Resonating music of Mughal-e-Aazam is so deeply embedded in our mind that it echoes and transforms us into an era of melody and rhythm. Mother India, the first Indian film to be nominated for Oscar too had the most powerful music composed by none other than Naushad
He spent his childhood with his grandmother in Lucknow and his uncle owned a harmonium shop. He too worked at the music shop and was always fascinated by music and watched films at Royal Cinema from the money he would collect from the Durgah, at Deva Sharif, 25 Km away from Lucknow. The film bug bit him and as it was an era of silent films, he started playing harmonium and composing music in the same theatre.
At the Dewa Sharif, great qawwals and musicians of those days would perform before the devotees. He studied music there under Ustad Ghurbat Ali, Ustad Yusuf Ali, Ustad Babban Saheb and others. He wrote poems and so was always keen on the depth of the lyrics, and spent hours with the lyricists and singers before he would churn out a melodious composition. He was a keen observer and was also known for making little notes, which were later translated and published later as notes by Naushad. Most notes were on music, anecdotes or film happenings.
In one of his notes, he has beautifully expressed that Hindustani classical music, whose seeds were sown by the Hindus and was irrigated by the Muslims. It should be considered to be truly Hindu-Muslim art.
His exposure and his association with other musicians in Lucknow, he could compose songs on classical style using Thumri, Dadra and the folk style be it Mere Mehboob or Mughal-e-Aazam was set in a typical Aligarh and Lucknow setting his music beautifully became part of the narrative. His friend, lyricist D. N. Madhok, identified Naushad’s innate talent and had given him the first break.
His composition of Mother India stands apart for the combination of western classical with Hollywood style orchestra, especially used to enhance the intensity of a climax or a dramatic scene. Shamshad Begum lent her voice to many soulful numbers and made them immortal. The Indian epic Mughal-e-Aazam had soundtracks inspired by Indian classical and folk music and songs were voiced by Lata Mangeshkar and classical singer Bade Gulfam Khan.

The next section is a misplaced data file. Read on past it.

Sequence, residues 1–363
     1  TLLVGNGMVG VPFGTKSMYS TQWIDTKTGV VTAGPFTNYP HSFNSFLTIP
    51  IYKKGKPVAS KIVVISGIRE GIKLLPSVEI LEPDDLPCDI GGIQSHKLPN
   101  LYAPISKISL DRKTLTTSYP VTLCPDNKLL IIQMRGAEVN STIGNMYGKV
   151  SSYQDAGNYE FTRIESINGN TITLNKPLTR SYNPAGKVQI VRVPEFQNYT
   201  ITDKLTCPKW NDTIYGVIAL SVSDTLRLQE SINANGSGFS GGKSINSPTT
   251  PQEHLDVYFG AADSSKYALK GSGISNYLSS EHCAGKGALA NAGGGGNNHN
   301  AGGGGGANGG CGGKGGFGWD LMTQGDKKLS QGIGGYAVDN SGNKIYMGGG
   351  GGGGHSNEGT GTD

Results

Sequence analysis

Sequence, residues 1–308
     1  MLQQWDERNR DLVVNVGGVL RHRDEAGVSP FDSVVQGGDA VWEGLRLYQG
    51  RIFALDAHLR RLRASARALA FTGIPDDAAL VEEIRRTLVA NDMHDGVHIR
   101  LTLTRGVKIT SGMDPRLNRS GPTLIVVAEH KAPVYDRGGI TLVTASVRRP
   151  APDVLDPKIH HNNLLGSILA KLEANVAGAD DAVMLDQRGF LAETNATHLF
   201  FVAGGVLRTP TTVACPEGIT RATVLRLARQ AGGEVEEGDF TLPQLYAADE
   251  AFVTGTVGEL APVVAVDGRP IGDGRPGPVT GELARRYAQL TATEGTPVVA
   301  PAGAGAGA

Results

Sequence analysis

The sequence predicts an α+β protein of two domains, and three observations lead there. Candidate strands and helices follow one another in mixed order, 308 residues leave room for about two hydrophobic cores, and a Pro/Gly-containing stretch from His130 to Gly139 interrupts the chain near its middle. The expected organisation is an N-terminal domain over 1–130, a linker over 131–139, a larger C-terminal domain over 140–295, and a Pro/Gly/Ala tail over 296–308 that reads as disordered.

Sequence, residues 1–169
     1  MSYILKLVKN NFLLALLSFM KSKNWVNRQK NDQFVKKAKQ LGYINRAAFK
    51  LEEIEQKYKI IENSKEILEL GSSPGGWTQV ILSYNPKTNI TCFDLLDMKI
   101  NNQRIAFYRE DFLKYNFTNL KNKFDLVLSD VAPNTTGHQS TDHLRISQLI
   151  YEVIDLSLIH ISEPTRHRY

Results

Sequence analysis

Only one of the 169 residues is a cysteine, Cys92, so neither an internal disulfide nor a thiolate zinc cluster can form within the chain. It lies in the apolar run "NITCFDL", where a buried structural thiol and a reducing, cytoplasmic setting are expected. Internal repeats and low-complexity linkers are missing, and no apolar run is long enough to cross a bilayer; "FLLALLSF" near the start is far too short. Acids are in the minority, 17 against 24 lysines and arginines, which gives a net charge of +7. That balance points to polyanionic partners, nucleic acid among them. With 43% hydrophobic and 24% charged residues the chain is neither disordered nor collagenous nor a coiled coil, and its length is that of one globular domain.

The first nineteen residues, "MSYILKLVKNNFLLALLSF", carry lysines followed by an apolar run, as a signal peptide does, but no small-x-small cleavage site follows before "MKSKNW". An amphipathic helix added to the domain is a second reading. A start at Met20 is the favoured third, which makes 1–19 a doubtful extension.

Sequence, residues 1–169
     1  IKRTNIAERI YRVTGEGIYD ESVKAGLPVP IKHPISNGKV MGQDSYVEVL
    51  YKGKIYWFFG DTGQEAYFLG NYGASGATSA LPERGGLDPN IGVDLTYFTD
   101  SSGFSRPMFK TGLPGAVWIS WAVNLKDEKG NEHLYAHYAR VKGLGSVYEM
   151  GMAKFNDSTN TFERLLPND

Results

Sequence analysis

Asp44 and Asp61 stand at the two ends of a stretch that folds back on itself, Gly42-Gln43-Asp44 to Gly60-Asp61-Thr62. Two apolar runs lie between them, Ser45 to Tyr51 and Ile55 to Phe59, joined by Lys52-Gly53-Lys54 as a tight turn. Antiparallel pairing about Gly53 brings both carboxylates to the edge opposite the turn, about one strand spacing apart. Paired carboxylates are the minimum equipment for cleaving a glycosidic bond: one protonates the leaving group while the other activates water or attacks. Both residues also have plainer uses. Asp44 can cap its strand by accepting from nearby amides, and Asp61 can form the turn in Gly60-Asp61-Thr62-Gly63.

The song Pyaar kiya to darna kya is inspired by a folk song of his home state.
Shakeel Badaiyuni penned most of the songs of which Naushad created the music. O duniya ke rakhwale written by Shakeel, composed by Naushad and sung by Rafi carries a lot pain and pathos and is immortal. Even the endearing nanha munna rahi hoon is popular till date and touches our heart. For Baiju Bawra he created a different genre of music and got actual classical singers to sing the Gazals.
A man of varied interests, he enjoyed shooting, fishing and was a tennis champion. This adventurous streak is seen in the variety of music and the integrated music He has composed music for various films. His music could be soulful, peppy and foot tapping, classical, and folk.
Naushad worshiped music and as he was so passionate about his art. He is remembered today as one the finest composers in the Indian film industry.
Composer Khemchand Prakash took him on as his assistant for the film, Kanchan, at Ranjit Studios at a salary of Rs. 60 per month, for which Naushad remained extremely grateful and in interviews, he had called Khemchand his guru.
His friend, lyricist D. N. Madhok, trusted Naushad’s unusual talent for composing music and introduced him to various film producers. Chandulal Shah, the owner of Ranjit Studios, offered to sign Naushad for one of his forthcoming films. Naushad composed a Thumri for this film, Bata de koi kaun gali gaye Shyam, but the film never got on the floors. He was an assistant music director for the Punjabi film, Mirza Sahib (1939).
He composed for his first independent film Prem Nagar, in 1940 that had a story set in Kutch for which he did a lot of research into the folk music of the area. With A.R. Kardar’s film, Nayi Duniya (1942), he got first credit as music director and he began to work regularly for Kardar Productions. He, however, had a flexibility that he could work outside Kardar Productions and this arrangement continued ever after. He first got noticed with A.R. Kardar’s film, Sharda (1942), wherein 13-year-old Suraiya debuted with the song, Panchhi Ja for the playback for heroine Mehtab. It was Rattan (1944) that took Naushad right to the top and enabled him to charge Rs 25,000 for a film during those days.
Film expert and author Rajesh Subramanian opines that Kardar production spent s 75,000/- in 1944 to make Rattan. The music by Naushad Saheb was such a phenomenal hit that the company earned Rs 3 lacs as royalty from gramophone sales in the first year.
Photos and videos from the internet.
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